This idea that witches are women presumably dates back to the early modern witch-hunts in Europe and America, in which the witches/victims were predominantly women. This isn't my area, so I'm not sure exactly how that came to be the case, but somewhere in the mess of mean-ness and paranoia, witchcraft became thought of as a female thing. (I remember a friend of mine telling me once that young women who accused older women of witchcraft were often hurling themselves down stairs etc in an attempt to get rid of an unwanted pregnancy - perhaps the older women were midwives/abortionists? Or it might be something to do with the association of witchcraft with the Devil, the Devil with sexual naughtiness, and sexual naughtiness with women? I'll be honest, I really have no idea!).

The point is, as JRR Tolkien was well aware, witchcraft is not always - perhaps not even usually - associated with women. (His good friend CS Lewis would have been equally aware of this, but chose to ignore it). The people we call 'witch-doctors' (probably something of a misunderstanding of what they do, but still) are usually men. I'm sure there are plenty of cultures around the world where 'witchcraft' is non-gender-specific or even male-dominated. And, in the Classical world, witchcraft could be associated with men or women.

It has to be said, even in Greece and Rome, the stereotypical witch was, just as it is now, an ugly old woman. Erictho, the witch and necromancer in Lucan's poem the Civil War, who lives in graveyards and steals the nails used to pin crucifixion victims to their crosses, is a particularly memorable example of this trope. But there are also occasional characters who tend to be translated as magicians in English who are probably Classical witches, and in real life, anyone could be accused of witchcraft. One of my favourite Classical authors, Apuleius, was accused of witchcraft and had to defend himself in court - though it's worth noting that, when he wrote a witch into his novel Metamorphoses, he wrote her as a woman.

All in all, there's no reason we should think of witches as women, but we often do - which makes it doubly surprising that it's Tolkien who reminds us that witches can be men too. After all, Eowyn aside, he's not exactly known for his feminist credentials. In fact, the novel The Hobbit has not a single speaking female character (the Sackville-Bagginses are a homogenous group - Lobelia appears in The Lord of the Rings). Belladonna Took is fondly remembered at the start, and that's it. Bad Tolkien. You shall not have a cookie.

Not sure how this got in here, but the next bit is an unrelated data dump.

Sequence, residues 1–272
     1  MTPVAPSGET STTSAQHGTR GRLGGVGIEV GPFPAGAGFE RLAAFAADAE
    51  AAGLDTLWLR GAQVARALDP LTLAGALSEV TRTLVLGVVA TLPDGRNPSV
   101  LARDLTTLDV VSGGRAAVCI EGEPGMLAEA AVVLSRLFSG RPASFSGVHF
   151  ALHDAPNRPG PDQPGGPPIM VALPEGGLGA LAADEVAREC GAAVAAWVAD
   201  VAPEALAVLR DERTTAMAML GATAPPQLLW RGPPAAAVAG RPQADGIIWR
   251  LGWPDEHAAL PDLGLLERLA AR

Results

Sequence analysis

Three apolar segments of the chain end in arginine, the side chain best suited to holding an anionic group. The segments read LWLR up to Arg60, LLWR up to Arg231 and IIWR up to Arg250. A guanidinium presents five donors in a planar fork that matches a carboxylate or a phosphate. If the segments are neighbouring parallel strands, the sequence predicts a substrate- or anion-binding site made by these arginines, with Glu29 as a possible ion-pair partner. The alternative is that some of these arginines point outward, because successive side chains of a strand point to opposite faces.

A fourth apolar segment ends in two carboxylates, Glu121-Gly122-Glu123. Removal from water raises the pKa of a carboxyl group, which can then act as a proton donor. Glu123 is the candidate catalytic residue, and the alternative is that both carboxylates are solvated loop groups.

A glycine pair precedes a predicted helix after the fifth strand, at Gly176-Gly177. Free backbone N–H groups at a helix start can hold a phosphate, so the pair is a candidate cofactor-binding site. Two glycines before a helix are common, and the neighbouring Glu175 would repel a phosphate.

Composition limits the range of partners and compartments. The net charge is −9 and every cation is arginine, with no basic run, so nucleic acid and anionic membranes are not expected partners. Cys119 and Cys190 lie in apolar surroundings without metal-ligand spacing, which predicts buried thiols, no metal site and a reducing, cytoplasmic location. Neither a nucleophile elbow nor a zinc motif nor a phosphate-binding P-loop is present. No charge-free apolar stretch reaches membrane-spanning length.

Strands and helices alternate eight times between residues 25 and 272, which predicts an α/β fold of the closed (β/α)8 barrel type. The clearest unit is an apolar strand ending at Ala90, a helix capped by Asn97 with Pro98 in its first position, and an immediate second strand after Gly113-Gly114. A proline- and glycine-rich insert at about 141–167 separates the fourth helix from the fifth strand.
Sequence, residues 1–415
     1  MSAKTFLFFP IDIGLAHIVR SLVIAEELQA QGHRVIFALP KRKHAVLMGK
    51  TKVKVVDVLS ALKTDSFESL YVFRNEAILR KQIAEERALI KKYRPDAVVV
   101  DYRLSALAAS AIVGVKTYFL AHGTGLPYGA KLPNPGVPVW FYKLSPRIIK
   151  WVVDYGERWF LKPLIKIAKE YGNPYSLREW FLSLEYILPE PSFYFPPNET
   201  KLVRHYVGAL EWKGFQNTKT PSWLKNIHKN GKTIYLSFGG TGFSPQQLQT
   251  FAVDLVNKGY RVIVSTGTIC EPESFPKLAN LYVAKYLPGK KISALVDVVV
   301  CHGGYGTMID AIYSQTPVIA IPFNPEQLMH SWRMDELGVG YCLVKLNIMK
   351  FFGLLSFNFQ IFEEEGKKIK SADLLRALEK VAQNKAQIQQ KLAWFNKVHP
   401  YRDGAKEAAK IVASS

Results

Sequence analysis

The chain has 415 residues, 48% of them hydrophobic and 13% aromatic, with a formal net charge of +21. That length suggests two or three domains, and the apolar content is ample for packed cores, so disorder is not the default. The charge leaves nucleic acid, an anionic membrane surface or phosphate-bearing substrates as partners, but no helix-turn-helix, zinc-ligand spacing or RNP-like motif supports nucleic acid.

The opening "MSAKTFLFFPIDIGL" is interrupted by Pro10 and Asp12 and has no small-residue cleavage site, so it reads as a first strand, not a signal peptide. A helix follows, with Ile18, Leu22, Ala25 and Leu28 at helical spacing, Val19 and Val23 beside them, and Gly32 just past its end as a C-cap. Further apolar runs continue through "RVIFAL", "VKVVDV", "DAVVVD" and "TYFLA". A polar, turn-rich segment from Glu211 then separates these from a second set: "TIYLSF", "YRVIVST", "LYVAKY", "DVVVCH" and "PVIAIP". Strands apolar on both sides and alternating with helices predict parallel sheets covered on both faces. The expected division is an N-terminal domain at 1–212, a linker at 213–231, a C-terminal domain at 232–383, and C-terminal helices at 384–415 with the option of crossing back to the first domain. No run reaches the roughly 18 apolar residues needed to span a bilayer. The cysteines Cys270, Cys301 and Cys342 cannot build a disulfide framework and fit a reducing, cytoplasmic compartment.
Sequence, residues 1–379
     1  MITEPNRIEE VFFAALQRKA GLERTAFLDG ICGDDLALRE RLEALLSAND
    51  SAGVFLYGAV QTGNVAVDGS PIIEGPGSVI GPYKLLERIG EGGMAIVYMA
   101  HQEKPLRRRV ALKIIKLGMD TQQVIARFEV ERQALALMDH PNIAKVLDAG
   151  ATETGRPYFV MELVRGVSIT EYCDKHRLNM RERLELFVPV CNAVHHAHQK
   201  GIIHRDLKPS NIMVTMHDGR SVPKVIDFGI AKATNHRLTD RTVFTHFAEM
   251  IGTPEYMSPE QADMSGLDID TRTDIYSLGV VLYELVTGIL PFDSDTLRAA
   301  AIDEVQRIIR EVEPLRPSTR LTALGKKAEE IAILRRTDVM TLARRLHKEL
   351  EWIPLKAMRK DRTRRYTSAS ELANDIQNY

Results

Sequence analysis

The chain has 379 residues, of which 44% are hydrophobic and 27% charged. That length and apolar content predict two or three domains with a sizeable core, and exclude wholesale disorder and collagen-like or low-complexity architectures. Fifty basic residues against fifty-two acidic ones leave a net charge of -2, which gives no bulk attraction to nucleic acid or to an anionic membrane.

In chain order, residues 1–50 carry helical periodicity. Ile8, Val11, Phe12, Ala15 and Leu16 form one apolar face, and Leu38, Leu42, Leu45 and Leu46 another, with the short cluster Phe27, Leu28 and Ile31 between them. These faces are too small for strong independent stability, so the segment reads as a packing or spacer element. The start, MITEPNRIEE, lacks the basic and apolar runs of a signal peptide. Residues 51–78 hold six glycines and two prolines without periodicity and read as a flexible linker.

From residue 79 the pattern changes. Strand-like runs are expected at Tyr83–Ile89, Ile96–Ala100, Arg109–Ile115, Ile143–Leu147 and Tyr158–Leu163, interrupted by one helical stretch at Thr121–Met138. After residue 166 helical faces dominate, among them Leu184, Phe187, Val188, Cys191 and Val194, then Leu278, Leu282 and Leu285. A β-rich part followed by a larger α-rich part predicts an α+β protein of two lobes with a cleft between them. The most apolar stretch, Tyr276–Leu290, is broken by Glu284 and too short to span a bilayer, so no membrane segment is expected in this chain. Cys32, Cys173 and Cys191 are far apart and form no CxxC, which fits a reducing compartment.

This means, of course, that one of the big advantages of the padding out of the film with other Tolkien material is that Galadriel appears, so there is a woman in it! (I should add, I have no problem with World War One stories with no women in them or anything like that, but fantasy and science fiction with no women rubs me up the wrong way). I really liked the scene between Gandalf, Elrond, Galadriel and Saruman; although tonally a shift from the rest of the film, it provided some nice context, and will be very necessary to explaining why Gandalf abandons our heroes to make their way through Mirkwood alone later in the story. I liked the flashbacks to Thorin's history too - I was always confused by a lot of the backstory as a child (beyond, obviously, 'dragon attacks, takes over mountain.' I could manage that). I'm hoping the Battle of the Five Armies, and the whole business with the Arkenstone, will actually make some kind of sense when the movies get to them, as I've never managed to follow them before!

Overall, I loved the film. I had a big stupid grin on my face from the first 'bing!' of the Star Trek preview (and my goodness that looks amazing!) right through to the credits. Yes, the film is too long - it could have lost a good half hour, mostly from the beginning and a little bit from the end. I like Tolkien's funny little songs, but we really didn't need to see the dwarves do the dishes. There were also some rather OTT action sequences; I was constantly reminded of computer game Fable 2's assertion that a Hero can survive a fall that would break all the bones of most people.